When I was a senior in highschool, I had to write a senior thesis in order to graduate answering the question “What is man, and who am I?” Pretty serious stuff for a 17 year old kid (I remember I had based it largely on Joyce’s Portrait of the Artist as a Young Man by James Joyce, but couldn’t tell you now what I actually wrote, nor could I put my hands on a copy if I wanted to). What I got out of that work, though, was a real and long-lived interest in what binds us together as human beings, what makes us who we are, both as individuals and as groups.
Fast-forward to university and grad school, and I translated that (often, quite literally from ancient sources) into my love and passion for Classical archaeology. Finding the same questions “what is man, and who am I” relevant throughout time and place and making the answers accessible to everyone me seemed then like the great work of my life, and I loved it. I loved the immersion, the mental challenges, the physical work. It took me many years to see that what I loved the most was finding the work of human hands left behind: the pot sherd with the fingerprints of the potter, the simple construction of an infant’s burial, the craft and care in the seals used for documents. I came to see more and more to see that pattern and geometry, craft and art, architecture and engineering, are all languages, that, to me, transcend one group, one time, one place. As a maker of things myself, I felt deeply connected to what I was studying, and sought ways to connect past with present everywhere.
When I decided to start my business last year making my own quilts and patterns and quilting for others, this feeling was at the core: the stuff we make is intimately tied up with who we are now, where we have come, and where we are going. Each quilt (or whatever we make–for my husband, it’s stuff made in wood with hand tools) becomes a snapshot of that moment, a stop in our itinerary but not the end of our journey. My studies of art through the ages (quite literally!) have impressed this upon me, as well.
I’ve been thinking about this a great deal since QuiltCon, where I came away feeling excited and disturbed at the same time. The modern quilt movement (and it has been in motion!) has so much going for it, yet I also felt that in an attempt to define what it *is* there is a very real and great danger of reducing it to a narrowness of vision that doesn’t encompass what it could become and all the variety it can include. As a small business owner trying to get my start designing quilts and patterns, I came away worried that my work didn’t fit into the mold, would be rejected out of hand, and I was very hesitant to share it. I left feeling timid (and those of y’all who know me, know THAT sure isn’t my style).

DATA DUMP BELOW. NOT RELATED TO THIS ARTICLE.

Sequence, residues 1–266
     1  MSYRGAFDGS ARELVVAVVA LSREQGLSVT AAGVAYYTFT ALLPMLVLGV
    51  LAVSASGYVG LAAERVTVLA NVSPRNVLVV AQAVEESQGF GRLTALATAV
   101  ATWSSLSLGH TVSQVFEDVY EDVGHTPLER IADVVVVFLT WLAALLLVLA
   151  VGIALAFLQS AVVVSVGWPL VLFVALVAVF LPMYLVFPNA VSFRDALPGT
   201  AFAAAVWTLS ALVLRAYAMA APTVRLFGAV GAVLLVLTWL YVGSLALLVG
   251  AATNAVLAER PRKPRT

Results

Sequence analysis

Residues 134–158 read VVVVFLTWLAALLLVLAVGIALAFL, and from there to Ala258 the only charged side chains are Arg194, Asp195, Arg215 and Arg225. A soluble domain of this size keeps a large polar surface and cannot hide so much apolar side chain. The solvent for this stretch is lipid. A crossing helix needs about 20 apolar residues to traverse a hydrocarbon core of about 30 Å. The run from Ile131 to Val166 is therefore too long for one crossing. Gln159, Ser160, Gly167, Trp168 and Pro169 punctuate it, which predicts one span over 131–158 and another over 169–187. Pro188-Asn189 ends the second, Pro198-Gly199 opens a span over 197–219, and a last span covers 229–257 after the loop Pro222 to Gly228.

And then, I read the three posts by Thomas Knauer on just this: My Wager, Impasse, and One More Thing. I remembered the lecture given by Denyse Schmidt about her journey, and I realized how silly and even cowardly I was being. I was not being true to myself; I haven’t really given a rat’s ass what people have thought about me or my work before this, since I make what I like and what appeals to me. Always, the most important thing to me has been challenging myself in ways that keep me growing as an individual, as a mom and spouse, as an artist and a quilter, as a business owner. Do I care if I fit the mold? Not really, since I don’t think I have, ever, in my life. I won’t deny that being in the cool-kids-club has a certain appeal, but only because it’s “safer” that way.
“Safe” is boring. “Safe” doesn’t encourage or promote growth. “Safe” is a cheat. Success without authenticity is not success. So, here’s my thesis for my life and work. My manifesto, if you will, although it, like everything else, is always going to be a work in progress:
I will make stuff. I will try new things. I will grow. I will screw up. I will be afraid and yet still do what feels right to me anyway. I will pass things on, carrying on traditions even as I fit them to my own experiences and life. I will be challenging and be challenged. I will learn, always learn.
I’m going to leave this with a passage from Thomas Knauer’s post “Impasse”, since I think he has summed it up eloquently and passionately
So, go make shit. Stop stressing about fitting in. Trust me, nobody fits in and nobody ever feels like they do. At least I don’t. We all make stuff for different reasons; those reasons are ours. Those reasons can never be wrong. That said there are differences between modern and traditional, conservative and radical, unique and generic, and everything in between, just as orange is different than green. Not everything is modern. Not everything needs to be modern. And modern is not inherently better than anything else. It is all just stuff. To be honest I don’t really even care about the stuff itself that much; what matters to me is the conversations, the reasons why. It is in those that I learn something…